The Global Alliance for TB Drug Development (TB Alliance), a non-profit public-private partnership developing affordable, new drug regimens for tuberculosis, recently announced the start of Phase I clinical trials for the lead TB drug in its pipeline, PA-824.
The TB Alliance directed and funded the drug’s preclinical development, completed through a global network of contractors. The U.S. National Institute of Allergy and Infectious Diseases of the National Institutes of Health also provided in-kind support and technical assistance. The TB Alliance’s research and development team established a global development program involving 26 institutions in nine countries managed by Dr. Doris Rouse at RTI International.
“Reaching this milestone greatly enhances the chances of improved TB treatment and is an important advance in the TB community’s drive for a faster cure,” said Dr. Maria C. Freire, President and CEO, TB Alliance. “We worked creatively and smartly with our partners, donors and contractors. The result is that an extremely promising TB compound moved from lead identification into human trials in near record time.”
In a 2002 landmark agreement, the TB Alliance obtained exclusive worldwide rights to PA-824 and its derivatives from the California-based biotechnology firm, Chiron Corporation. Chiron’s unprecedented commitment was to make the TB technology available royalty-free in endemic countries.
“We believed this was the best way to move the drug forward to meet a critical public health need when we first reached agreement with the TB Alliance,” said Craig Wheeler, President, Chiron Biopharmaceuticals. “Now we’re sure. The TB Alliance has moved this extremely rapidly and we are watching the trials with anticipation.”
A member of the novel nitroimidazole class, PA-824 was first identified in 1995 by researchers at PathoGenesis, later acquired by Chiron Corporation. Its potential as an anti-tuberculosis agent was described in a 2000 Nature magazine article. Recent preclinical studies, directed by the TB Alliance, indicate that it has sterilizing potency and a novel mode of action that could shorten treatment times.
In vitro studies demonstrated that PA-824 has potent activity against both actively and slowly-growing Mycobacterium tuberculosis (M.tb). In vivo studies showed that the drug kills M.tb effectively in both the initial, intensive phase as well as in the later continuation phase of TB therapy. This demonstrates that the drug has both bactericidal and sterilizing activity, combining in a single compound the most effective attributes of isoniazid and rifampin, which are two of the cornerstones of TB drug therapy today.
“To reach our goal of dramatically shortening TB therapy, we must create novel regimens that incorporate new drugs with different and complementary modes of action,” said Dr. Mel Spigelman, Director of Research and Development at the TB Alliance. “PA-824’s excellent profile means its introduction into a new regimen could help shorten treatment time dramatically and overcome some of the challenges with TB treatment, such as multi-drug resistance and the treatment of TB-HIV co-infected patients.”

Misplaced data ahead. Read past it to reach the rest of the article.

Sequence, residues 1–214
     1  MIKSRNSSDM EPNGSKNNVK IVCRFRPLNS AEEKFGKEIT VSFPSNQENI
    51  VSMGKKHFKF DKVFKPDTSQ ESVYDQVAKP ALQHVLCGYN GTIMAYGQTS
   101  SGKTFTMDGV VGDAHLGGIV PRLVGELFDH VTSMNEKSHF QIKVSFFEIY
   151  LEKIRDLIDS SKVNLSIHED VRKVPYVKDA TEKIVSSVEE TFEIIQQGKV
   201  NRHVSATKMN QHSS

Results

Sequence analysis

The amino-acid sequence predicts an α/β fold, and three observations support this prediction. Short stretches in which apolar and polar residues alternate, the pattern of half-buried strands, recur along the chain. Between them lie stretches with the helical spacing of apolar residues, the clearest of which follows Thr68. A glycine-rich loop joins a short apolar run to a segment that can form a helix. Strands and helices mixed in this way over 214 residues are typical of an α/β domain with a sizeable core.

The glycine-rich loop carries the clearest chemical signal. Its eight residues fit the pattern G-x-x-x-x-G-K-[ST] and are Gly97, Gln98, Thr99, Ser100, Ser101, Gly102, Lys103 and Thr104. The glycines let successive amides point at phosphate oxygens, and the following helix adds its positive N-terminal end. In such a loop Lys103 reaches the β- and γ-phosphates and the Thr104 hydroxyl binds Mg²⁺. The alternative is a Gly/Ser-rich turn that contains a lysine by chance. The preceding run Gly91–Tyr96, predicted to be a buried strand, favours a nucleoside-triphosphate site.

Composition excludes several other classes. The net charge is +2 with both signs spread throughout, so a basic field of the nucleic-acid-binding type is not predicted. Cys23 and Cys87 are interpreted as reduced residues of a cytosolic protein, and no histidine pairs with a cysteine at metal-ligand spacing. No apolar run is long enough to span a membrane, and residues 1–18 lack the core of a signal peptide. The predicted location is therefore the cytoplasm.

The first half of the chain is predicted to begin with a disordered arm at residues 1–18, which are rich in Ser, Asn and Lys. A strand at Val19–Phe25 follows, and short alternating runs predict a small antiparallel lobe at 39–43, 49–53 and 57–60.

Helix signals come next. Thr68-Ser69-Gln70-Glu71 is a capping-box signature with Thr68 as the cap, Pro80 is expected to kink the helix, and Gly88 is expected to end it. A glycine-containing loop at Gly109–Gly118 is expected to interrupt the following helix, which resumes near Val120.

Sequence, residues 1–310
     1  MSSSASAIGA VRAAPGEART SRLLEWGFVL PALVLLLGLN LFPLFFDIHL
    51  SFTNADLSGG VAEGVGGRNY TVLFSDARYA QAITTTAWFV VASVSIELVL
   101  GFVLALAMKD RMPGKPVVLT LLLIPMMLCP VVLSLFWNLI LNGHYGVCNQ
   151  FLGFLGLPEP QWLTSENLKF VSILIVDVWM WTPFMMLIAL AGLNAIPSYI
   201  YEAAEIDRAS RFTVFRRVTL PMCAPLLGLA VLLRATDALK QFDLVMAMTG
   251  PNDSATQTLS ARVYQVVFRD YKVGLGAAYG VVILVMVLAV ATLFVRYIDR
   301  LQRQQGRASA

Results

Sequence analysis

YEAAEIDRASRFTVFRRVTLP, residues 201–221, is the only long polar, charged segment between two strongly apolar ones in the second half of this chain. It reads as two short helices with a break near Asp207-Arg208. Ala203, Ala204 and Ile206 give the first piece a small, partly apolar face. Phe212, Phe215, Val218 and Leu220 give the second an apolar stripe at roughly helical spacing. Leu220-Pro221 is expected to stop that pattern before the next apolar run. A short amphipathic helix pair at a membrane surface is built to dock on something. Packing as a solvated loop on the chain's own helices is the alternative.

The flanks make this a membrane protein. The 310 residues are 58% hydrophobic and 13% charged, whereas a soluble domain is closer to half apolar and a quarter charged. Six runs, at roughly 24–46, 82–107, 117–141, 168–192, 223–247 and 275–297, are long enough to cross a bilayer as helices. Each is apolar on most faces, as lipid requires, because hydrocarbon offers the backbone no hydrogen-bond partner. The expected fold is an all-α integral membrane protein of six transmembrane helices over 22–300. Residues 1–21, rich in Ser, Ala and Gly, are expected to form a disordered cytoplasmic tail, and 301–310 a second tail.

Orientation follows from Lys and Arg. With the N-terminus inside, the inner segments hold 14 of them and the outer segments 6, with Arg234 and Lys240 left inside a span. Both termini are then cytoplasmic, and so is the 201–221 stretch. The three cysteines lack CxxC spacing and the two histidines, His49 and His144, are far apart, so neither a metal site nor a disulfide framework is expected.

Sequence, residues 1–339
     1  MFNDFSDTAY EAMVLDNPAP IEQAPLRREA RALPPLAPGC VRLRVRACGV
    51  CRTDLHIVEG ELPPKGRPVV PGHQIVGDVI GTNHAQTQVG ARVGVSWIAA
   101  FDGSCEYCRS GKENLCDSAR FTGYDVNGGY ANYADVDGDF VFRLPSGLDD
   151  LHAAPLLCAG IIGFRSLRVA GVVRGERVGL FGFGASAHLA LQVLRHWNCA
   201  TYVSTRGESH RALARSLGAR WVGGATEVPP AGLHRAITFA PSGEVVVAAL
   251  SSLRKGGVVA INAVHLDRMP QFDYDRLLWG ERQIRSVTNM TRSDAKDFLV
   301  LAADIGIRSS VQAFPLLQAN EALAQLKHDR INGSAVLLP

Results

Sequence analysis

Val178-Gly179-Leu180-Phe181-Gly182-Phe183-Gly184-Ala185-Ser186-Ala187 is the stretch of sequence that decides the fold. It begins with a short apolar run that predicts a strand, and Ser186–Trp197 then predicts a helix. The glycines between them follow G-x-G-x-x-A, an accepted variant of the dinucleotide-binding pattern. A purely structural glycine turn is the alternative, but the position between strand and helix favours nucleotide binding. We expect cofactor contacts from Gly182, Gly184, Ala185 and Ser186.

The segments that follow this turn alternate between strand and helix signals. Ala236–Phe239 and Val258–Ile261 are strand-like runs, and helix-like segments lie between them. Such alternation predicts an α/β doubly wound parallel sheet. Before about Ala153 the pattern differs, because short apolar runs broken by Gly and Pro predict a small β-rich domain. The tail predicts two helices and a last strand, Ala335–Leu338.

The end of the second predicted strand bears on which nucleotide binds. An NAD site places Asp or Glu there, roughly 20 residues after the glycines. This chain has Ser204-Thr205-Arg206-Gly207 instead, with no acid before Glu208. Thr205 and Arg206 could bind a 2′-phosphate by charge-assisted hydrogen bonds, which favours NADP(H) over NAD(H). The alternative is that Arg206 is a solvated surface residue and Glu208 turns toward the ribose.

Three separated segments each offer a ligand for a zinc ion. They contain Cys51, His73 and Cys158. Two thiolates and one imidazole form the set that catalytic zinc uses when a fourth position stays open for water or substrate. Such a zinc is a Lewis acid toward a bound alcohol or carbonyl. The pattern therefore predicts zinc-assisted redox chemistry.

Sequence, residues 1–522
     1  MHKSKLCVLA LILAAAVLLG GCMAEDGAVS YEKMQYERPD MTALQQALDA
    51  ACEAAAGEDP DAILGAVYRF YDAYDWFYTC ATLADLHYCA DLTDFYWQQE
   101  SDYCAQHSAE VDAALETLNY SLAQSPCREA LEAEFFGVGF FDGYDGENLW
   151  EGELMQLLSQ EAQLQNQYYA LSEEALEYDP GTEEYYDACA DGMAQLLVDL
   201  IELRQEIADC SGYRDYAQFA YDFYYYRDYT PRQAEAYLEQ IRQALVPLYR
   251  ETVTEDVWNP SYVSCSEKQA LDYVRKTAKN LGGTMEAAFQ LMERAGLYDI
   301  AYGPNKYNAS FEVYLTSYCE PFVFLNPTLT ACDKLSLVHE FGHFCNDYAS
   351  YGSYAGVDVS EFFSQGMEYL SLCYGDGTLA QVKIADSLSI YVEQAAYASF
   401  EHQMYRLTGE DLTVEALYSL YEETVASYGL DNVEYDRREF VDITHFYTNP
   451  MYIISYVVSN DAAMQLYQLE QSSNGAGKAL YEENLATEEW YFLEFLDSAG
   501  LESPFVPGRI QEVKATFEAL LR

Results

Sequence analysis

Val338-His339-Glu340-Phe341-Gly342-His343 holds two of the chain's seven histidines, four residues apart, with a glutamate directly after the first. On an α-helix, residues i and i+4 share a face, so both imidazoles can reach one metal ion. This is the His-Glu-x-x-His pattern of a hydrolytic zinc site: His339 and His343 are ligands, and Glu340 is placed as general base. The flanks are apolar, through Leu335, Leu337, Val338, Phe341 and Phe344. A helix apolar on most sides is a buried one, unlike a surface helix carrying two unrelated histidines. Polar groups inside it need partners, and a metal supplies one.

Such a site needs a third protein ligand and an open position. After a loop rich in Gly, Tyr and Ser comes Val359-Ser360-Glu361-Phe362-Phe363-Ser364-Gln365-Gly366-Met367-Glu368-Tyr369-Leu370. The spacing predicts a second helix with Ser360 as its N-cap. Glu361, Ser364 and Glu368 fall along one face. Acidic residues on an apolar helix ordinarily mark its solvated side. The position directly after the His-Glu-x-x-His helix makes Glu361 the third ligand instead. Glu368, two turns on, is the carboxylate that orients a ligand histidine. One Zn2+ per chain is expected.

Current projections of TB incidence and mortality reflect the need for new, shorter TB therapy. Between 2000 and 2020 it is estimated that nearly 1 billion people will be newly infected from TB, 200 million will become sick and 35 million will die. TB is a leading cause of death among people living with HIV/AIDS. However, treating the two diseases at the same time is difficult because of negative interactions between some ARVs used to treat HIV/AIDS and TB drugs. Early studies of PA-824 indicate that it could be safely used with HIV/AIDS therapies.
The Phase I clinical study, to be conducted by the Nebraska-based MDS Pharma Services, will evaluate the safety, tolerability, and pharmacokinetics of single doses of PA-824 in healthy, male volunteers.
The TB Alliance’s scientific goal is to develop safer, more effective drugs and therapeutic regimens to simplify and shorten the current six to eight months of treatment. More than 40 years have elapsed since the last novel compound was introduced for the treatment of TB. The TB Alliance has assembled the first global pipeline of new TB drugs since the 1960s through partnerships with industry, research institutes and academia, and is developing multiple classes of compounds, including quinolones, macrolides and pleuromutilins.
Among the many public health benefits of a shorter TB regimen is improved patient compliance which would increase cure rates and lower toxic side effects. This would limit the rise of new resistant strains caused by people failing to complete treatment. With the backing of thirty-four stakeholder institutions around the world, the TB Alliance embraces a comprehensive strategy to ensure that the TB drugs it develops are affordable, adopted by health practitioners and accessible to the patients who need them most.